The only character type that would suffer would be the Fragile Speedster, but a character type like that tends to be overpowered enough, due to the inherent versatility of their speed advantage. They need to be plausible to trap, not too easily but definitely make sure that they have to actually work in order to win.

Now what would result when defensive power actually works? First off, individual strokes of luck will not be as brutal, as more working traits allow for fending them off, and more skirmishing reduces their impact too. Second, the heightened amount of skirmishing in a given match means that a victory results from being consistently better, rather than from managing a lucky strike, but at the same time it's easier to identify mistakes, which results in better metagame evolution, or at the very least better identification of balance issues.

Even if the game doesn't manage to be perfectly balanced, I can be sure that useful defensive power, handled correctly, would be a step in the right direction.

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Robert Simple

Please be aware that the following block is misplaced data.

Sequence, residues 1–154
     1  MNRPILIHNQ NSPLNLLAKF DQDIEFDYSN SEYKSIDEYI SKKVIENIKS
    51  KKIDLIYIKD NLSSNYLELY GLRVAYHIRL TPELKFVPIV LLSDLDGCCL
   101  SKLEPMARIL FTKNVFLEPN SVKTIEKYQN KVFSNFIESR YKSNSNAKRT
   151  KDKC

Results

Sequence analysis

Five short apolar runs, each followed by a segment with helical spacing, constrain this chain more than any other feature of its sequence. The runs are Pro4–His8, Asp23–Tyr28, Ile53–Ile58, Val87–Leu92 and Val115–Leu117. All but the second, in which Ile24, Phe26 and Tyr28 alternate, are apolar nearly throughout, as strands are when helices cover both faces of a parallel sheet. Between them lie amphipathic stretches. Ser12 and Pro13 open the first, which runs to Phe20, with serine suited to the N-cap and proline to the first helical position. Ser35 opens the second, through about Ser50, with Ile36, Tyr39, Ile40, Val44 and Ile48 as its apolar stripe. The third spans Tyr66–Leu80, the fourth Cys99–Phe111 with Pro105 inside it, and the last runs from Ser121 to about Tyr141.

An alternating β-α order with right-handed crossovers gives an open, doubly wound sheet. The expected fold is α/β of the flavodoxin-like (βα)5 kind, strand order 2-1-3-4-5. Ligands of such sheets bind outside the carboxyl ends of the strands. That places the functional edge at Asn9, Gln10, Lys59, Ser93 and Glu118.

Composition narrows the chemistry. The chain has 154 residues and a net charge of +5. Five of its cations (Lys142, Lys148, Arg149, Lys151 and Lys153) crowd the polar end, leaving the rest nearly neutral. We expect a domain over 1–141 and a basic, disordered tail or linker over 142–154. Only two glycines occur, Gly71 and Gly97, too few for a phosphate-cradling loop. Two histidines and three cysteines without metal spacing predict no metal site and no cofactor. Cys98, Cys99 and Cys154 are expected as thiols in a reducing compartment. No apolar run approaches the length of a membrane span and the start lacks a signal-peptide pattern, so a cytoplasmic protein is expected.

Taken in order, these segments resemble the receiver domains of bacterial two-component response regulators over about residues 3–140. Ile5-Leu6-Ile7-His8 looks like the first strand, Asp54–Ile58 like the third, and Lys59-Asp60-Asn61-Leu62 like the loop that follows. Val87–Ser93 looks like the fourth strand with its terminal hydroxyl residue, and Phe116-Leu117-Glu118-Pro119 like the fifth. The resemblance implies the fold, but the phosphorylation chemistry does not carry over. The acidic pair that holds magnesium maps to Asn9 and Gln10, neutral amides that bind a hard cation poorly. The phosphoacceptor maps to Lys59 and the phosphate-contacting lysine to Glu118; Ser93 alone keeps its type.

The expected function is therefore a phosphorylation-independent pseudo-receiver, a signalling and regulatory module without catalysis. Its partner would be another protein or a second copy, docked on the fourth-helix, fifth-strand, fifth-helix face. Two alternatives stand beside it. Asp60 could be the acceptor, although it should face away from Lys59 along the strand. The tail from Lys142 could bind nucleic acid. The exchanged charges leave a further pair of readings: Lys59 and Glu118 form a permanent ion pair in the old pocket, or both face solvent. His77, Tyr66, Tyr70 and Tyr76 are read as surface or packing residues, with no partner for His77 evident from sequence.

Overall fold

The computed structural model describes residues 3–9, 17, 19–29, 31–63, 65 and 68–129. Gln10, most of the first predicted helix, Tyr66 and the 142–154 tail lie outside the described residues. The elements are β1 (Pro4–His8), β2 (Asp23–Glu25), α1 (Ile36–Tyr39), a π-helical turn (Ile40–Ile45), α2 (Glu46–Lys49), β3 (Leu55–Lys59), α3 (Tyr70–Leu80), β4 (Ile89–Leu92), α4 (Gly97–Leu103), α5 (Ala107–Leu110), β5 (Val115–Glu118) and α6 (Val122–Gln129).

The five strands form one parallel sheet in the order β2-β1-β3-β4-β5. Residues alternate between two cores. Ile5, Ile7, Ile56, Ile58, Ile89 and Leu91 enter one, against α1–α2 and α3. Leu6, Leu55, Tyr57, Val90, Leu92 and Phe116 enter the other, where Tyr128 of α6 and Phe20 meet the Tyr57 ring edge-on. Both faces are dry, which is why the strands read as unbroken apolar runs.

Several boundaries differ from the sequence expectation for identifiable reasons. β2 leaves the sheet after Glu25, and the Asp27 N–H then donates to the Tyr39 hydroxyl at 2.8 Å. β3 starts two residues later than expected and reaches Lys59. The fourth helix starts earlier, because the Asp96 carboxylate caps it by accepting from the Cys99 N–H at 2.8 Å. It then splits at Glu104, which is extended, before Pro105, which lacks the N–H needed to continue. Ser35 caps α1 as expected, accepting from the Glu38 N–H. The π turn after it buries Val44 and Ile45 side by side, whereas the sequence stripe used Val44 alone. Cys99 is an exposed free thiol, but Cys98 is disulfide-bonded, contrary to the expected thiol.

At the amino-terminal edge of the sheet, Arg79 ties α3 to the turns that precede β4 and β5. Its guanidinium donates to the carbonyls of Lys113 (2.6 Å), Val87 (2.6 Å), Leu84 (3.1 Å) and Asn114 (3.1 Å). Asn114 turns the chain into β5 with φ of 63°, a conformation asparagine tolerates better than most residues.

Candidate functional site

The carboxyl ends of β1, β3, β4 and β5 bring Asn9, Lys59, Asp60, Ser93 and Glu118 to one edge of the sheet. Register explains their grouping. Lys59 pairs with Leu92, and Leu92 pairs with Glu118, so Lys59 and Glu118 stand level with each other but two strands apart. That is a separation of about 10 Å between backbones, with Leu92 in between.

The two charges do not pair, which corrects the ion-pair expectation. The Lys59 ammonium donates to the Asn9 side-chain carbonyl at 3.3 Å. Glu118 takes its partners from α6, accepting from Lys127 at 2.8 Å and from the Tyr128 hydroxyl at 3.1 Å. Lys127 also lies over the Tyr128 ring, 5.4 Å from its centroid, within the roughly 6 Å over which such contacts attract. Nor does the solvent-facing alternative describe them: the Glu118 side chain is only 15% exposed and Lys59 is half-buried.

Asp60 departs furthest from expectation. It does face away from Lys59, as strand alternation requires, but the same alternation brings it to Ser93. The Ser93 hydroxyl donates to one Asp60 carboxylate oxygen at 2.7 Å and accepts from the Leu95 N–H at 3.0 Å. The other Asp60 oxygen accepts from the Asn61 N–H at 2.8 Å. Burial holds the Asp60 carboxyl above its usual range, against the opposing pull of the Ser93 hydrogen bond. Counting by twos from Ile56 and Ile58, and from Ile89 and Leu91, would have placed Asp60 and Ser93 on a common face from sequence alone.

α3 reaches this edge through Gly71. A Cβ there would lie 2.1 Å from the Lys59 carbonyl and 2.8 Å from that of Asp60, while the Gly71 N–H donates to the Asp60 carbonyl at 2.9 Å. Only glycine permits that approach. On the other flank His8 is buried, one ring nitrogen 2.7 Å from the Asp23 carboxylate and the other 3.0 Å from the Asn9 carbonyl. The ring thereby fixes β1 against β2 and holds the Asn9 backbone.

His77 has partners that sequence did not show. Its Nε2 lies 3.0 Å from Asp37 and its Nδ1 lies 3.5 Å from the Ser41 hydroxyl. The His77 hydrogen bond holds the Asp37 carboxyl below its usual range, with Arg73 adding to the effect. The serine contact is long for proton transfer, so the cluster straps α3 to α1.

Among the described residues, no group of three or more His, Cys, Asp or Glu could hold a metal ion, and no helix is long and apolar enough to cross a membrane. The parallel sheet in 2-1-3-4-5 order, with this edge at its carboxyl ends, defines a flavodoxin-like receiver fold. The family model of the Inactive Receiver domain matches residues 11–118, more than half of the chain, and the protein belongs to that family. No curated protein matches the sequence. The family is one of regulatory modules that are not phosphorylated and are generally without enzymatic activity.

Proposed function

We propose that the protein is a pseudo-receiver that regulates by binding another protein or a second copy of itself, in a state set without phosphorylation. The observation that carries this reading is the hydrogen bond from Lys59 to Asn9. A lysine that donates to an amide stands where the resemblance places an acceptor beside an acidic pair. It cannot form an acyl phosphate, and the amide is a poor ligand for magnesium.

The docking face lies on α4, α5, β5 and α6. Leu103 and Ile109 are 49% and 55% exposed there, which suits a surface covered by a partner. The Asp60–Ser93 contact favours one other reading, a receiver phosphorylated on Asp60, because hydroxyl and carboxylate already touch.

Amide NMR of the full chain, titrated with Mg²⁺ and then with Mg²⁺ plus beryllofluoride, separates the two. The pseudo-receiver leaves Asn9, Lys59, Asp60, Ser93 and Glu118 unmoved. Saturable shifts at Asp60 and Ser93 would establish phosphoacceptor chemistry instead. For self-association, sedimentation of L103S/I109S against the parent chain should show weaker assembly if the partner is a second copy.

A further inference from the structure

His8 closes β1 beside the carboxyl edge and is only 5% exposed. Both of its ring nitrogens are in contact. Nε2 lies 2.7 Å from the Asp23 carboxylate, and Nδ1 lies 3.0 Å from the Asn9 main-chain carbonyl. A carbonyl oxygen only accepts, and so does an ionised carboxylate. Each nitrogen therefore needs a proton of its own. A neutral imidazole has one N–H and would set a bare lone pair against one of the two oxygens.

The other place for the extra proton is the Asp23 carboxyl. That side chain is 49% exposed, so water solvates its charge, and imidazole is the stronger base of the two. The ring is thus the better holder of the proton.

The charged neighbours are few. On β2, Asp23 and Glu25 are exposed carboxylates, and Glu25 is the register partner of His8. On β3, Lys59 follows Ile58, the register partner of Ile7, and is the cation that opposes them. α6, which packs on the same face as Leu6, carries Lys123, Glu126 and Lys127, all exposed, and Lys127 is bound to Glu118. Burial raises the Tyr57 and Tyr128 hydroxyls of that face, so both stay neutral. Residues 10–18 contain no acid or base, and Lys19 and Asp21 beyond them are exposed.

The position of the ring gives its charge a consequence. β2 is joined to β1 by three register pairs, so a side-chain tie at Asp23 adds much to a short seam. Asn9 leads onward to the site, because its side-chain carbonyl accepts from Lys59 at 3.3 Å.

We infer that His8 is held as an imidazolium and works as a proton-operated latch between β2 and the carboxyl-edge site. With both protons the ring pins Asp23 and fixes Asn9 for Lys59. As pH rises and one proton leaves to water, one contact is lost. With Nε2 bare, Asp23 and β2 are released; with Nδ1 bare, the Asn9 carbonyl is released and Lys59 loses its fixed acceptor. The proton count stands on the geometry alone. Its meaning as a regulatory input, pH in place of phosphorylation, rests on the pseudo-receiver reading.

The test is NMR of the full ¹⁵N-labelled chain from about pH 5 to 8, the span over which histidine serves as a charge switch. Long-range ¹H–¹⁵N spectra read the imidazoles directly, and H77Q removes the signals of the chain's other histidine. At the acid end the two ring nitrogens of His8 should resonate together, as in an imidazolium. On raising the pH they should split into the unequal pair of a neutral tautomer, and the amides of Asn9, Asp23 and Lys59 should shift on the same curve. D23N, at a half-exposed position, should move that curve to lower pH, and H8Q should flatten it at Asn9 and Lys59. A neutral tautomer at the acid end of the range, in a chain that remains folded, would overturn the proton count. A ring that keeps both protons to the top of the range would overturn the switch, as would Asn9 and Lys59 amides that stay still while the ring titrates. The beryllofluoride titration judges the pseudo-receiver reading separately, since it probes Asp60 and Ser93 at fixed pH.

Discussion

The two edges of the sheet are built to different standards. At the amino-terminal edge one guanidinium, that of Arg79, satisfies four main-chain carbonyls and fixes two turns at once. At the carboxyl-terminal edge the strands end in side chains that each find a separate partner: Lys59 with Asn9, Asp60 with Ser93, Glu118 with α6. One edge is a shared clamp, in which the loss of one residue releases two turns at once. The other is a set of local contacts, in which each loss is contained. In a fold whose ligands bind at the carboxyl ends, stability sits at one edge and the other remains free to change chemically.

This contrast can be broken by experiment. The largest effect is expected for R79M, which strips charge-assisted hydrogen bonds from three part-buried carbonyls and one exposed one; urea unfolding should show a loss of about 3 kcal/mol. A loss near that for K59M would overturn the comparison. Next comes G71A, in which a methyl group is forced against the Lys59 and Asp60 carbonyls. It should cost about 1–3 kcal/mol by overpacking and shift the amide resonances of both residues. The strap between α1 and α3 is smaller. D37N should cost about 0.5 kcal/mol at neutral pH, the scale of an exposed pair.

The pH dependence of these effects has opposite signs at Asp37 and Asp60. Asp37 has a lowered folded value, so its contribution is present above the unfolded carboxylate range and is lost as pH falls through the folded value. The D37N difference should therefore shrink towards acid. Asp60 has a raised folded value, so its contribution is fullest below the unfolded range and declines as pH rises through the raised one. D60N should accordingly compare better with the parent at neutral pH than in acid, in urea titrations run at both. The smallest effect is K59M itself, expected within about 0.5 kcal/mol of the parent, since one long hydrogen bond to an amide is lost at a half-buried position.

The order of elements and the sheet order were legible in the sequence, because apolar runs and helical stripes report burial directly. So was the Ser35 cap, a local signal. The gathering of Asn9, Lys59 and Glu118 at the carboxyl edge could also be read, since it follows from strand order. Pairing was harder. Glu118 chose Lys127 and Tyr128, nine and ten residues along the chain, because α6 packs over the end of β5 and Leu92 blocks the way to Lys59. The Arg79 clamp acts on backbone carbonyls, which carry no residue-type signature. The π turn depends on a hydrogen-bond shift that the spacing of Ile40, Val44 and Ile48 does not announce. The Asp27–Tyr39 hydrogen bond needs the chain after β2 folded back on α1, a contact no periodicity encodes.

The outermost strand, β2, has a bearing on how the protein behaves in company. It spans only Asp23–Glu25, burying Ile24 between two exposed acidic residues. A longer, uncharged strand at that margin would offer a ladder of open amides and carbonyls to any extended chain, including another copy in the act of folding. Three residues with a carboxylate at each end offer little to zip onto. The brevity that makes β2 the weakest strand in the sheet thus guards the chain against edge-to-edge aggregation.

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The rules of balancing games differ by genre, but the simplest form of balance always falls to the paper/rock/scissors system. It is tried and true and never fails. Only a few genres, specifically RT (real time) style genres have to consider speed as a statistic used by players to be scaled appropriately. What happens in RT style games is that when the game moves too fast the game loses its main basis and becomes purely a reflex style game, and too slow destroys the concept of RT. handling speed in a non-RT style game, or as I like to call them ST(static type) genres like turn based strategy, allows for the idea of scouting, or low attack/defense for quick hits for some slight to moderate reduction for a later strike or as clean up on a retreating army. No matter what style of genre you make the offensive and defensive power of units/characters is determined by the simple rule of high attack melee and low attack ranged. A tier system of these units/characters helps determine how fast the appropriate stat increases so that the level one melee and range unit are not overpowered. what tends to occur with balancing melee to ranged is the creator will favor one type of unit and players will either brute force one another with all melee and the level design determines tactical positioning that players will ultimately learn to exploit, and unless you can make a level with delicacy to understand a full round of tactics the game will become “here are the tricks you use” or they will make all ranged units and the game will always result in a stalemate of “cat and mouse” trying to gain ground but ultimately will be discovered by players to just hold key locations and no matter how hard an opponent tries they can never break through. Another balancing issue is teching, one must consider the overall cost of the unit/character relative to the total combat of the stage, I prefer a food based system, where low tech is low food and many can be deployed and high tech cost more food so less can be deployed, furthermore you factor that all low tech cannot completely obliterate all high tech, but high tech cannot just trample all low tech, providing some sense of balance between using low tech for shielding/skirmishing while high tech is used to break a wall or punch a camp while low tech pillages. Although I use a lot of words here, the true efforts of balancing is not found in simplistic rules as I laid out here, but are found through mathematical precision and one can map out any confrontation in a game by analyzing the mathematics of the units/characters and the levels to which they will battle one another and take the averages/aggregates of these battles to help you determine the actual values used for statistics.